SPRINGFIELD, Mass. - Former New England Patriots defensive lineman Ron Brace is being laid to rest in his home town.

A celebration of his life will be held at St. John's Congregational Church in Springfield, Massachusetts, on Monday morning followed by a noontime funeral service. Burial will follow at Oak Grove Cemetery.

Brace died at his family's home April 24. He was 29.

Police say his death was not suspicious and appears to be have been caused by a medical condition.

Brace grew up in Springfield and attended Burncoat High School in Worcester, Massachusetts. After a standout career at Boston College, he was drafted by the Patriots in the second round of the 2009 draft and played four years with the team.

He is survived by his parents and six siblings.

Farrell on Sox rotation: 'We've got to get Clay going'

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Farrell on Sox rotation: 'We've got to get Clay going'

BOSTON - Maybe it wasn't a warning shot, but more of an idle observation. Maybe it wasn't a challenge at all.

But what John Farrell had to say Sunday afternoon about Clay Buchholz was, if nothing else, noteworthy.

In assessing his team's play in the just-completed first month of the season, Farrell noted that the starting rotation, after a particularly rough beginning, had stabilized of late.

With one exception, that is.

"We've got to get Clay going, particularly," Farrell said. "He's an important part of our rotation, an important part of this team. We've got to get him on track." Buchholz is winless in his five starts, with an 0-3 mark and an inflated ERA of 6.51. He's given up a minimum of five earned runs in each start and has yet to pitch through the seventh inning.

Farrell noted that the issue has been less about quality of stuff and more about his aggressiveness - or lack thereof.

"There are times,'' Farrell said, "when we've seen Clay execute pitches with, I think, a greater conviction to the pitch. There are other times where maybe he's pitched away from contact a little bit too much and not attacked the strike zone. To me, there comes an attitude on the mound that's got to be prevailing."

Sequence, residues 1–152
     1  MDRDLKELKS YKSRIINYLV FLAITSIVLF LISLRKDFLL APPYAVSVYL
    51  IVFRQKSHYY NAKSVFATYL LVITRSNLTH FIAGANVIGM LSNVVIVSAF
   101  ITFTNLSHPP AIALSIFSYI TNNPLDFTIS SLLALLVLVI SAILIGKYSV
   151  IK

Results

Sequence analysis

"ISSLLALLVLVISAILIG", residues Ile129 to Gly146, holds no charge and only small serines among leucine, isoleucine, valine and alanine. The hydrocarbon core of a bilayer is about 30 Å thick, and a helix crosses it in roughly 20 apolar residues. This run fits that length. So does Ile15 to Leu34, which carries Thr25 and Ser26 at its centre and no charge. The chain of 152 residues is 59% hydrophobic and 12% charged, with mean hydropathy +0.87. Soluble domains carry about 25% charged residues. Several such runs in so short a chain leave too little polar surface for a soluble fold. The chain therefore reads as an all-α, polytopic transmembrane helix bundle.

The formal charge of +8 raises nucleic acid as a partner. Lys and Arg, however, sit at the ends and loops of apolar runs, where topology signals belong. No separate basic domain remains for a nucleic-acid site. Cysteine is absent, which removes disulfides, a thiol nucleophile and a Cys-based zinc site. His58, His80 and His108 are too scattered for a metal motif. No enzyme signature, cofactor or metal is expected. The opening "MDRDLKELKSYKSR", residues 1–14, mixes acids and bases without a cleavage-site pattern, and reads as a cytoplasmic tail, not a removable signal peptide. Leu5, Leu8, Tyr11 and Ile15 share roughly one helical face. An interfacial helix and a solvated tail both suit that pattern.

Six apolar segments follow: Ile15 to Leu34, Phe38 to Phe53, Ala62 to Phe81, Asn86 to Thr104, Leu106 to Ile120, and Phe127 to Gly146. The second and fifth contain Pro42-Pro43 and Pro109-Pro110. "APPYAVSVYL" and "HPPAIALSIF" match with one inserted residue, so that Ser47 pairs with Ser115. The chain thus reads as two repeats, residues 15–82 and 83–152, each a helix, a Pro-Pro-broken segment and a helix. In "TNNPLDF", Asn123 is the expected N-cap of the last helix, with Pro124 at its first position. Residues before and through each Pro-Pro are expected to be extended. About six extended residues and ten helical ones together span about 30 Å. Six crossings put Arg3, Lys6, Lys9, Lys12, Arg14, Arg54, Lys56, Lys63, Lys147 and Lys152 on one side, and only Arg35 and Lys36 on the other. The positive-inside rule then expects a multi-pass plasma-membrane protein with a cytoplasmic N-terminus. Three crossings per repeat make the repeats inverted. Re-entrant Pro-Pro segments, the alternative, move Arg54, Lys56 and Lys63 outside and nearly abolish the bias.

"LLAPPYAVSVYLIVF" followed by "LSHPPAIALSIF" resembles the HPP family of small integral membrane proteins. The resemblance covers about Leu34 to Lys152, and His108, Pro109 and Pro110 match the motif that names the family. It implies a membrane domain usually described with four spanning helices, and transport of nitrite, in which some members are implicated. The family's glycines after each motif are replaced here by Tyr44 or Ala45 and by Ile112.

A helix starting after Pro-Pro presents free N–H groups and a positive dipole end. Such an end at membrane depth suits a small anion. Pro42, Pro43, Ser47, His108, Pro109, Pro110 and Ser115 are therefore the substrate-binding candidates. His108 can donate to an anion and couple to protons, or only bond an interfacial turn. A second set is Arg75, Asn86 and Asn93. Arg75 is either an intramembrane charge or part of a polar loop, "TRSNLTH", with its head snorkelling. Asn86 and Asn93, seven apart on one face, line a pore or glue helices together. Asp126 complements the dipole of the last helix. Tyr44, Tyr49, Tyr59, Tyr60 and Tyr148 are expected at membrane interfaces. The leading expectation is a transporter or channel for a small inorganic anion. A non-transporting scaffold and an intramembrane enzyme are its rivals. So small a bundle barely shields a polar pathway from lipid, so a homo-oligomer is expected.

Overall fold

The Sox aren't far from welcoming back to starters. Eduardo Rodriguez, who tweaked his knee in early March, is set to make his second rehab start for Pawtucket Tuesday and could conceivably return five days after that. At most, Rodriguez will be ready with one more additional outing.

Next up is Joe Kelly, who is on the DL with a shoulder impingement. Kelly has thrown some bullpen sessions and could begin a rehab assignment later in the week.

That will lead to the Sox making some tough decisions in the coming weeks. It had been widely assumed that knuckleballer Steven Wright would be he most vulnerable starter, but Wright is 2-2 with a 1.37 ERA in four outings.

Asked to assess where the Sox within the context of the division, Farrell said: "We're probably searching to shore up areas that are in need, and that first starts with making the necessary adjustments with the guys that are on our roster now. Not that we're going to make wholesale changes. Like I said, we've got to get Clay going. That's a big improvement that we could make."